Dr. Dana Myatt, NMD

Cat Scratch

While at medical school, studying to become a naturopathic doctor, Dr. Dana, NMD, received a cat scratch on her foot. She paid no attention to it, but on the second day she noticed a red streak traveling up from her foot to her knee. The typical treatment would have been with antibiotics. Instead, Dr. Dana made a poultice with charcoal and water, and applied it directly over the scratch, and left it in place for a couple hours. When it dried out, she removed the poultice and was surprised to see the redness had receded half way down to the foot. She simply remoistened the poultice, and replaced it over the scratch. After a couple more hours, she removed it to find that the red streak had completely disappeared. She had no further problems.

Diabetic Ulcer

“Between my first and second year of medical school, the grandfather of one of my classmates had been told by his doctor that his foot was so badly infected it needed to be amputated. He had already lost a toe, and did not want to go that route. I had the night care of this man and overnight I placed a charcoal poultice over the foot. We continued this practice for a month. We were rewarded for our efforts by seeing the foot turn from black back to a healthy pink. After the month, he was once more up and about. We also gave him some simple hydrotherapy treatments, and instructed him on how to improve his dietary habits.”

Tooth Abscess

“I recommend to all my patients that they have a supply of charcoal in their emergency kits. For tooth abscesses, I take a tea bag and slit open the bottom. I then empty the contents, and replace them with charcoal powder from three to four capsules, and tape the bag closed. It is then moistened, and placed against the offending tooth.”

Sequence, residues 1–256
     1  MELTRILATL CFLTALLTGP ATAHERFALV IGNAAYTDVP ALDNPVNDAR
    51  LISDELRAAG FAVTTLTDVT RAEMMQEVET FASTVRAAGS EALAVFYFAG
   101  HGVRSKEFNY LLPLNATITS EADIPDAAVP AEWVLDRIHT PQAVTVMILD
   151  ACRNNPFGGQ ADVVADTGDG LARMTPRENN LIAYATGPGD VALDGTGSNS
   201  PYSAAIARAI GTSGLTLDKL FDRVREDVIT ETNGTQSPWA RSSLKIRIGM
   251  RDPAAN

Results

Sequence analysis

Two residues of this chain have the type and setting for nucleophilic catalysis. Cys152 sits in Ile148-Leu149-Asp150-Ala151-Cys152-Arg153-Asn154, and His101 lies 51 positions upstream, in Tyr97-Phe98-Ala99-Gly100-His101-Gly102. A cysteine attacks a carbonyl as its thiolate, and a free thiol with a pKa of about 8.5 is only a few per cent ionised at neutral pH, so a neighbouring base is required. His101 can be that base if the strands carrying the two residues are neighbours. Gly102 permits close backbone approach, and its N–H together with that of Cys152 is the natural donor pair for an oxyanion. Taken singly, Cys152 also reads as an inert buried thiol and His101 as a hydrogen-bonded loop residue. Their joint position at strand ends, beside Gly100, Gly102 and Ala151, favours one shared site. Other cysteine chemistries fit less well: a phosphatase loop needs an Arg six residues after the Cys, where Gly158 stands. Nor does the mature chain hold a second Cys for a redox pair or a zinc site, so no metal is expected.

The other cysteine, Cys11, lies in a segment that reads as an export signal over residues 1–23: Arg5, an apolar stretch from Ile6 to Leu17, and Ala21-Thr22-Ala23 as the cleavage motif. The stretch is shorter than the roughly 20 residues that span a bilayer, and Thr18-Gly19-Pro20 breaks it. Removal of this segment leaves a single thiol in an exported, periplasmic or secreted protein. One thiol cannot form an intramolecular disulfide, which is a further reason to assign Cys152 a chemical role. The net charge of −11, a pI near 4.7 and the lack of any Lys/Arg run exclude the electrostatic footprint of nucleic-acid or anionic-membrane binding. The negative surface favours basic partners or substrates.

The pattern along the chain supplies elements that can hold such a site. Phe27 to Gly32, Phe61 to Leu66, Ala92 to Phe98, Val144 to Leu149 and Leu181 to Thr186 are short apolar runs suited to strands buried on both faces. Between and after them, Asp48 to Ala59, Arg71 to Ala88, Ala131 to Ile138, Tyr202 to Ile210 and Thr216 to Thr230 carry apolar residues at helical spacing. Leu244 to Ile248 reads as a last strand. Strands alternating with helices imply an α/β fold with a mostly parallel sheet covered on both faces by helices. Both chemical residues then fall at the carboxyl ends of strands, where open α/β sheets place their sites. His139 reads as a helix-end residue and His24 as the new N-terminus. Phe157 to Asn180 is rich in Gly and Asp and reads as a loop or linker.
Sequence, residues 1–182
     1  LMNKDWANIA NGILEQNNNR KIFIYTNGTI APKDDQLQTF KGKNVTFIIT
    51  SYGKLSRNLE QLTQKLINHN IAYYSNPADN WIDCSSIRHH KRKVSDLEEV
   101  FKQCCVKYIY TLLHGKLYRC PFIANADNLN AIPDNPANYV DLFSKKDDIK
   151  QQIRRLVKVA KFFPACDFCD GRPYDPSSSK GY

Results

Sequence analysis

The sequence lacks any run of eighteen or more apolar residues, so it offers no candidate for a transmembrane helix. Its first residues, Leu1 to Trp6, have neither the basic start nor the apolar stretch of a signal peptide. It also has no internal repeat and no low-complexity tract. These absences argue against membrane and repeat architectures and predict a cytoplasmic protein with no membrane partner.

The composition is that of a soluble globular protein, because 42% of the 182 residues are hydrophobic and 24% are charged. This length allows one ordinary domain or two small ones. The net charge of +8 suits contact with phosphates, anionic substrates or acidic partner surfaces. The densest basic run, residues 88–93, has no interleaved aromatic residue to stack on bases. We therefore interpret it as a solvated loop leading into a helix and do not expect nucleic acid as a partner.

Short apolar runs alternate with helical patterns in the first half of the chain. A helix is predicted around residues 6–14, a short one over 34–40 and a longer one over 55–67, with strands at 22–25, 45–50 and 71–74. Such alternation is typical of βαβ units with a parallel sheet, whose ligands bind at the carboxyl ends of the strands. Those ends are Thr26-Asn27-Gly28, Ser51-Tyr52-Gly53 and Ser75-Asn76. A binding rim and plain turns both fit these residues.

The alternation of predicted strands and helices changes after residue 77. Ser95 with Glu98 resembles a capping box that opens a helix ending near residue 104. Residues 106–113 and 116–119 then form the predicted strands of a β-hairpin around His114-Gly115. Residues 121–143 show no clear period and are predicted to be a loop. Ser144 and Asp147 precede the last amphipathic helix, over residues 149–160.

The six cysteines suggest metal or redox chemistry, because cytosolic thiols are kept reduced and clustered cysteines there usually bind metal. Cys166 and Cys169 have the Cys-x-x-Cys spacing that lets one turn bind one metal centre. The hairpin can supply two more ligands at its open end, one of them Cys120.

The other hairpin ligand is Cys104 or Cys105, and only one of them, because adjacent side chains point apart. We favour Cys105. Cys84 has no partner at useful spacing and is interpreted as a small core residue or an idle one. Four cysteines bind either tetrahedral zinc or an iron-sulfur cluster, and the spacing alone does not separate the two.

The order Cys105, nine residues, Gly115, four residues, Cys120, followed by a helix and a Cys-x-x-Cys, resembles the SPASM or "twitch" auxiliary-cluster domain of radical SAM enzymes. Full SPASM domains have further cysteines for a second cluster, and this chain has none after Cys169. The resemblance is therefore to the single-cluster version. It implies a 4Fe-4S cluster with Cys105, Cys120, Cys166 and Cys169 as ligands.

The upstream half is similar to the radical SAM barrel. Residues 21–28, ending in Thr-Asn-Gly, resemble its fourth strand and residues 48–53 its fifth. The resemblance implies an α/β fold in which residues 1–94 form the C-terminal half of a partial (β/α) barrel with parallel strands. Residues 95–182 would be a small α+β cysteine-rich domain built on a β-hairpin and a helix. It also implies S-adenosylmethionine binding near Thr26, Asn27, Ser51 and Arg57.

Brown Recluse Spider Bite

 “I have never actually treated anyone with a bite from a black widow, but have treated several brown recluse spider bites. These are far more difficult to treat. I have seen people who required cosmetic surgery to repair the extensive tissue damage, and some people have recurring symptoms years later.”

She went on to tell of an encounter a friend had with a brown recluse:

“While teaching a course in Scottsdale I noticed a small ulceration on my friend’s leg. Maxine had not noticed it, but by the next morning it had gone from less than dime-size to quarter-size and had become angry and inflamed. A large open ulcer had developed, and she had enlarged lymph nodes in the groin. I immediately prepared a poultice, and placed it over the open ulcer. The poultice was replaced several times daily over the course of a week. Maxine also took a couple of herbal supplements and charcoal internally. By the second week there was no evidence of a bite at all.”

Post-surgical colic

After many experiences, Dr. Dana, NMD, has discovered that charcoal is an excellent preventive for what she terms “Killer Colic”.

“I often prescribe charcoal as a preventive for post-surgical colic. I recommend that those of my patients scheduled for intestinal or gynecological surgery take six capsules of activated charcoal at the second to last meal before stopping food intake in preparation for surgery. At midnight, they are to take more charcoal, and then nothing more at all until after their surgery. In my own case, after surgery, the doctors kept waiting for me to pass gas as a sign that my bowels were again functioning. They did not want to feed me or release me, but I assured them that I had no gas, and that my bowels were working just fine.”

Infected Wound

Dr. Myatt frequently recommends charcoal for her two-legged patients at work but sometimes her four-legged pets at home also need the benefits of charcoal.

“One of our cats somehow tore one of her claws out and the foot became badly infected. The vet recommended a treatment of antibiotics, but we decided to try a charcoal poultice first. My husband, Mark, was able to secure the poultice so that the cat could not remove it. By the third day the foot was back to normal.”